language and cognitive skills (interested in books, recognising numbers)
communication skills and general knowledge (can tell a story and have knowledge for that age, such as knowing dogs bark or apple is fruit).
To understand this issue further, we conducted a population-level analysis of preschool expansion for four-year-olds on measures of child development. That is, we looked at changes in school readiness as four-year-old preschool/kinder enrolment increased.
We used Australian census data on preschool enrolment and Australian Early Development Census data on the five development outcomes, and mapped them to local government areas.
The goal was to see if there is any evidence areas in which preschool has expanded also has improved school readiness. The analysis is not causal, but it illustrates associations at the population level for children who did and did not attend preschool. Plus, it accounts for differences across regions.
We found there are no, or negative, effects of preschool on child outcomes.
Areas which had increased preschool enrolment by ten percentage points saw a decrease in school readiness by half-a-percentage point. This implies billions spent with no evidence children are better prepared for school.
If we only look at areas outside of Victoria and NSW, the results are worse. The decline in school readiness doubled to a decrease of one percentage point.
Of course, this analysis cannot speak to how school readiness would have evolved without preschool expansion. We do not observe this. The analysis cannot say if children would have been less, similarly or better prepared without investment in preschool.
What we can say is that areas that saw an increase in preschool enrolment did not see a corresponding increase in school readiness, which you would assume from the level of investment. Preschool expansion, as it happened in Australia, has not better prepared kids for school.
More research is needed to determine whether and how to expand preschool offerings.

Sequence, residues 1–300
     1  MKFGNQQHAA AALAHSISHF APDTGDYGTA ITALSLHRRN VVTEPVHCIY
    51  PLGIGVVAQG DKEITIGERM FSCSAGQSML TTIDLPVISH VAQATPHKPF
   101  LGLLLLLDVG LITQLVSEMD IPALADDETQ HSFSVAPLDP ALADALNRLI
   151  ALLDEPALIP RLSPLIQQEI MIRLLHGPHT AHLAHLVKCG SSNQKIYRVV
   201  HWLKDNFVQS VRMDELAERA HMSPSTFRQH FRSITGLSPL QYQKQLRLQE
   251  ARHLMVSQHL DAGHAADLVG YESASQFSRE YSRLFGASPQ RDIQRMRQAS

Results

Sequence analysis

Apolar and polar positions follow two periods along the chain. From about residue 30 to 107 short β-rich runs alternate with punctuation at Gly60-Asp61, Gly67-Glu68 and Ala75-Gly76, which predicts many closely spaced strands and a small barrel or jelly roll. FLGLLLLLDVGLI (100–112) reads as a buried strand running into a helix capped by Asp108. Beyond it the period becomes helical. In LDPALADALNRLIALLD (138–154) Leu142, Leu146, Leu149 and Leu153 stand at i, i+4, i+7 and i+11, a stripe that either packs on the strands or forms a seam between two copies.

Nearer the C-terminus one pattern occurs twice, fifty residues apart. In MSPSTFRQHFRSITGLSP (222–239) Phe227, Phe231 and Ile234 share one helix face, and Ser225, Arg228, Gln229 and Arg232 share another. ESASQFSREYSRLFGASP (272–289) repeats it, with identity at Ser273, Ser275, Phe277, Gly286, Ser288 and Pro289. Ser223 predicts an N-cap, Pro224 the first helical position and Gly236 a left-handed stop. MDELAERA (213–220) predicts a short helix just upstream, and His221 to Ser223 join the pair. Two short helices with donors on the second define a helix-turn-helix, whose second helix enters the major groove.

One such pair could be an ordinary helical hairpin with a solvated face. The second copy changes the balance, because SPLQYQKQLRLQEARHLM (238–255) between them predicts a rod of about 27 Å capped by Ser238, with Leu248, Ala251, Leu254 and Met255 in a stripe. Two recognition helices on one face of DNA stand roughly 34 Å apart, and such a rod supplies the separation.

More evidence needed
We are not arguing governments should not invest in children or their early education.
On the contrary. Evidence exists that high-quality preschools delivered at small scale to targeted groups can have positive returns to child development.
Preschool might have other benefits – such as more affordable childcare or workforce participation for families. But we have found universal preschool, rolled out to everyone, does not necessarily pay off for development.
Investment should be made based on scientific evidence and take into account how programs will be affected as they are scaled up.
Without rigorous evidence from randomised controlled trials, money may be spent unwittingly on programs for Australian children that have no effect on development when the money could have been spent on alternative programs that yield positive results.
This article is republished from The Conversation is the world's leading publisher of research-based news and analysis. A unique collaboration between academics and journalists. It was written by: Ragan Petrie, The University of Melbourne and Marco Castillo.
The authors do not work for, consult, own shares in or receive funding from any company or organisation that would benefit from this article, and have disclosed no relevant affiliations beyond their academic appointment.